Adding Our Contact Information After creating the template, ExpressionEngine returns us to the Template Management page. In the list of templates to the right, find my_info, and click the name. You’ll notice the document icon to the left of the template name; this indicates that this is a web page template. At the template edit page, you should now see a blank template. Click into the large edit area, and let’s do something simple to start. Type your name and then save the template by clicking Update. To view it in a web browser, click the red View Rendered Template button (at the top right). You should see something like the screenshot in Figure 2.2, on the following page.

Adding HTML to Our Template Of course, ExpressionEngine templates can do more than just display simple, plain text. You can put in any valid HTML markup you want, and it will render properly in the browser. Let’s go ahead and give our plain my_info template a little something extra. But before we add any HTML to our template, let’s first put in the proper document header and DOCTYPE. Put the following code in the my_info template, replacing the text we had in there. Notice that your name now lives between the body tags. C LICK H ERE to purchase this book now.



Figure 2.2: Rendering your name in the browser

Download BasicsofTemplating/header.html

<!DOCTYPE HTML PUBLIC "-//W3C//DTD HTML 4.01 Transitional//EN" "" > <html> <head> <title>Contact Information for Ryan Irelan</title> </head> <body> Ryan Irelan </body> </html>

Now we can begin adding very simple markup to our template. Let’s wrap our name in an h1 tag. We’ll also create an h2 tag and place the text “Contact Information” inside it. We also don’t want to forget that we need to add our contact information. Something like this: Download BasicsofTemplating/hello_world_simple.html

<h1>Ryan Irelan</h1> <h2>Contact Information</h2> <p>Please use this information to get in touch with me.</p> <address> 123 Expression Street<br /> Engine City, USA<br /> 01234<br /> <a href=""></a><br /> 111-555-1212 </address>

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Figure 2.3: Viewing our contact information

This should all sit between the body tags in the template. After youâ&#x20AC;&#x2122;ve added the previous code, save the template, and view it in your browser. You should see something like that in Figure 2.3. The complete markup should now look like this: Download BasicsofTemplating/hello_world_simple_complete.html

<!DOCTYPE HTML PUBLIC "-//W3C//DTD HTML 4.01 Transitional//EN" "" > <html> <head> <title>Contact Information for Ryan Irelan</title> </head> <body> <h1>Ryan Irelan</h1> <h2>Contact Information</h2> <p>Please use this information to get in touch with me.</p> <address> 123 Expression Street<br /> Engine City, USA<br /> 01234<br /> <a href=""></a><br /> 111-555-1212 </address> </body> </html>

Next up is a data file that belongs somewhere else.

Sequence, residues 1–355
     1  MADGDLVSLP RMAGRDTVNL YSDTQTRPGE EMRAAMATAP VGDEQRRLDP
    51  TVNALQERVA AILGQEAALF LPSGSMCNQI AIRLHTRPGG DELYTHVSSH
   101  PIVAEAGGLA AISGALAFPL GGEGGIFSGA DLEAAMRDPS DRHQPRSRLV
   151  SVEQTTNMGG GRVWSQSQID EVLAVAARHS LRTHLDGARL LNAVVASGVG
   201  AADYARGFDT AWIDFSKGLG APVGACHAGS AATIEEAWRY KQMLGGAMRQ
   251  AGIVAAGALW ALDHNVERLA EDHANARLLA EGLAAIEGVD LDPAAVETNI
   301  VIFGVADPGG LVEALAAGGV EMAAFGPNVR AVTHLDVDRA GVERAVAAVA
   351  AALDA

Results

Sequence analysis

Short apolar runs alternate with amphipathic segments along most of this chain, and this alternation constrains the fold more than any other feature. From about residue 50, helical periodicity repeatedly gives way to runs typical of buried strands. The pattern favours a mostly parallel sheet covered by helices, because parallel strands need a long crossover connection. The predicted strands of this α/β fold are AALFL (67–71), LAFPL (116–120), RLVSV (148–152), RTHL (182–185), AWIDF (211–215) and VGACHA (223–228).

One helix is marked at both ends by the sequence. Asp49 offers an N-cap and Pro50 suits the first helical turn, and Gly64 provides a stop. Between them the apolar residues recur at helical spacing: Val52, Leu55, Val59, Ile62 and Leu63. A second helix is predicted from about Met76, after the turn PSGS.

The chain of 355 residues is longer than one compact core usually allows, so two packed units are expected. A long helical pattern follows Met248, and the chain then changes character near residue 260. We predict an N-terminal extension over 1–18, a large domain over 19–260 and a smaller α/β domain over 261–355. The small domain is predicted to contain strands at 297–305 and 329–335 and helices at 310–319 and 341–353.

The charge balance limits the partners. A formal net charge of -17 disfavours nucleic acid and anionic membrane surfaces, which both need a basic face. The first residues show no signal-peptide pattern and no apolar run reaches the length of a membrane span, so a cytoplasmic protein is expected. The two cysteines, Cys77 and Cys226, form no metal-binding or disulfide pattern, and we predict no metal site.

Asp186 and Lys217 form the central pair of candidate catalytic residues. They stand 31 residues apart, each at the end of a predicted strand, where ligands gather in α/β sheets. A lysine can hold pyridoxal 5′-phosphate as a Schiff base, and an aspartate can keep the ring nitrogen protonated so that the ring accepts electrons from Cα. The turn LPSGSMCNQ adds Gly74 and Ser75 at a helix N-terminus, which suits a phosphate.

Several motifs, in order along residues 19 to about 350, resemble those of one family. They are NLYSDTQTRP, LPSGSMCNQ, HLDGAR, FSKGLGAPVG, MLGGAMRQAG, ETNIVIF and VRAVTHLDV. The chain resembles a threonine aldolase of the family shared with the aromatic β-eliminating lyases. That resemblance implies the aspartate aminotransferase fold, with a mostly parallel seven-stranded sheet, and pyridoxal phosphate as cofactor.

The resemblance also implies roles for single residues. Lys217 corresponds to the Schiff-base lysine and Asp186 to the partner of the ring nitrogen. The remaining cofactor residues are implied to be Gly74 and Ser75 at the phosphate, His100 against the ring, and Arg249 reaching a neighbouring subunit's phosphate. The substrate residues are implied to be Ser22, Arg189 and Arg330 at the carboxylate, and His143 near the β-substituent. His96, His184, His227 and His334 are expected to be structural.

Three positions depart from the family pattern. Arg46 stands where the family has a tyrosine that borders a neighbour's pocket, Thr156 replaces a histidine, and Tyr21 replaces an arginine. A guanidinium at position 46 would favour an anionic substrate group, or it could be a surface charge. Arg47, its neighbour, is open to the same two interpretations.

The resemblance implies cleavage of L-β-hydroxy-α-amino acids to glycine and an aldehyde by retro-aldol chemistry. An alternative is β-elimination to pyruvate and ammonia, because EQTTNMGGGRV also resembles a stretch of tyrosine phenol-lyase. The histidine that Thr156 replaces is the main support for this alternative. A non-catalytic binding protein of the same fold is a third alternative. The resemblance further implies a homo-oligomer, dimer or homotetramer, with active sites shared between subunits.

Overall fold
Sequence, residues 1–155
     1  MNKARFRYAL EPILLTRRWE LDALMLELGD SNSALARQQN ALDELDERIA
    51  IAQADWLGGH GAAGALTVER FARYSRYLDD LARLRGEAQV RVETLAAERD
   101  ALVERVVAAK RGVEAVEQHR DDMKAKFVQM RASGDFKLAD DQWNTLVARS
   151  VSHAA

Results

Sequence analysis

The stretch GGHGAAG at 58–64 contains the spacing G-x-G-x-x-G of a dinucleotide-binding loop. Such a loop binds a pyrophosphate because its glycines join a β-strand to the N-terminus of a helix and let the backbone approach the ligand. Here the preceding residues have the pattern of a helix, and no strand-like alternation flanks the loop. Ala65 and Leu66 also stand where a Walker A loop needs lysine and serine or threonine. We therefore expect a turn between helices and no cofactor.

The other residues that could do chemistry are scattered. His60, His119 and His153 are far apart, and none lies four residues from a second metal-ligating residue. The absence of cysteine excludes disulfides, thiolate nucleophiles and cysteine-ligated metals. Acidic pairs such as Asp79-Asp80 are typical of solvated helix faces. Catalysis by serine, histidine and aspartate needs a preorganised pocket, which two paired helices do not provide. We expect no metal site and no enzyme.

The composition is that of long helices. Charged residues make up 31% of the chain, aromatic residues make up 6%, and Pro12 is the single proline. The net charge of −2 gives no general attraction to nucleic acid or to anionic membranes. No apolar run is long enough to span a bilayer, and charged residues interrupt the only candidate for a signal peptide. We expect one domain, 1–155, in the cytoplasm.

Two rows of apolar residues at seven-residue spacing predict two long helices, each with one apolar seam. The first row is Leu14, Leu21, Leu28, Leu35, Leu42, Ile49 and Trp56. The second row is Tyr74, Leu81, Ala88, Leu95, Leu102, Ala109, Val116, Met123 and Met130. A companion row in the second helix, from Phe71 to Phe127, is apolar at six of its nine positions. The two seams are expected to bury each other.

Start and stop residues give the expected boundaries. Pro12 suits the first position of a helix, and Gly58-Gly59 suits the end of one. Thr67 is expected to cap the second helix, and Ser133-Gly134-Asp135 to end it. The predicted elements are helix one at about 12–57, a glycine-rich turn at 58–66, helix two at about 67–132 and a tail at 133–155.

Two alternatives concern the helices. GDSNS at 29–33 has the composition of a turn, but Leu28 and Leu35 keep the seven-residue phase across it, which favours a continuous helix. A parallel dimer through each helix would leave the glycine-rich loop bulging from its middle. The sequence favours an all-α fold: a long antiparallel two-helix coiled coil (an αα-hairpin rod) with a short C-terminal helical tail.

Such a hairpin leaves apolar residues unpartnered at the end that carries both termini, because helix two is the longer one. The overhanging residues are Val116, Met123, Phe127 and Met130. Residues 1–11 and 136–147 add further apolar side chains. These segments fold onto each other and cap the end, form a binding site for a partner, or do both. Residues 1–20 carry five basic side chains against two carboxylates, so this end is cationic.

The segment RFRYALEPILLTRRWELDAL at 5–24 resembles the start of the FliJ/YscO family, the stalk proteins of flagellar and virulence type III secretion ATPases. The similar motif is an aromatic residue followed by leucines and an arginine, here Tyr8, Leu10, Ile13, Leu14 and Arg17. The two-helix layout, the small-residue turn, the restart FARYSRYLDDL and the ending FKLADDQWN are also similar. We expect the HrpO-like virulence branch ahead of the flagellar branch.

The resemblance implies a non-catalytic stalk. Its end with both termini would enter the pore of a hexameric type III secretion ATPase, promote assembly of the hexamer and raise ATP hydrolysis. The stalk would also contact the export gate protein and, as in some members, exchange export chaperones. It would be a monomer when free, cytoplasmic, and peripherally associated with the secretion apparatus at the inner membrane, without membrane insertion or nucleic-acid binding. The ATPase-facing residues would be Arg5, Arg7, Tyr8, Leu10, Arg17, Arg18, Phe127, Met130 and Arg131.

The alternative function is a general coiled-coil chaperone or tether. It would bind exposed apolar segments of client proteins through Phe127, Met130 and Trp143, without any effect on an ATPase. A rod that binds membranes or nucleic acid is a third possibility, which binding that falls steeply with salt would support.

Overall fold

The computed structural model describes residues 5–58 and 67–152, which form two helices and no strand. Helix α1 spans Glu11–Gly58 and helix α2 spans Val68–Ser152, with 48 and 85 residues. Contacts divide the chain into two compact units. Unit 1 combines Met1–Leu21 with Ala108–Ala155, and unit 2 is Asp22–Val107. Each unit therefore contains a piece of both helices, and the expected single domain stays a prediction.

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1. Base URL

2. File that processes all ExpressionEngine templates

4. Template

3. Template group

Figure 2.4: The building blocks of ExpressionEngine URLs

Congratulations, you just created your first ExpressionEngine web page! Before we go any further, a brief discussion on how ExpressionEngine makes content render in the browser is in order.

2.2 Dissecting ExpressionEngine URLs When we went to view our new web page in the browser, you might have noticed that the URL had four different parts to it (see Figure 2.4). ExpressionEngine uses the URL to determine which template (and content) to show. Letâ&#x20AC;&#x2122;s break down the URL in Figure 2.4. The first part of the URL is the base URL or the domain where your website is located. The second part is index.php, which is the file that processes all ExpressionEngine templates.2 The third part is the ExpressionEngine template group (contact) we created earlier. Lastly, the fourth part is the my_info template that we created inside the template group. Itâ&#x20AC;&#x2122;s also possible to view the index template of a template group (remember the one that ExpressionEngine created for us?) by just appending the template group to the base URL. For example, will render the same page as If there is no template specified, ExpressionEngine will just render the index template of that There are several ways to remove or change the index.php file from the URL. You can learn more on the ExpressionEngine website. 2.

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Figure 2.5: Dynamically displaying the current date and time

group. That’s enough about the URLs; let’s move forward and start displaying some dynamic content with our new template, shall we?

2.3 Displaying Dynamic Content Up to this point we’ve displayed only static content—what we put in the template displayed exactly like that in the browser. Let’s add something dynamic to our template. We want our contact information page to be timely, so using an ExpressionEngine tag,3 let’s show the current date. Go ahead and add the following code to your template. A good place is right below the h2 tags. Download BasicsofTemplating/current_date.html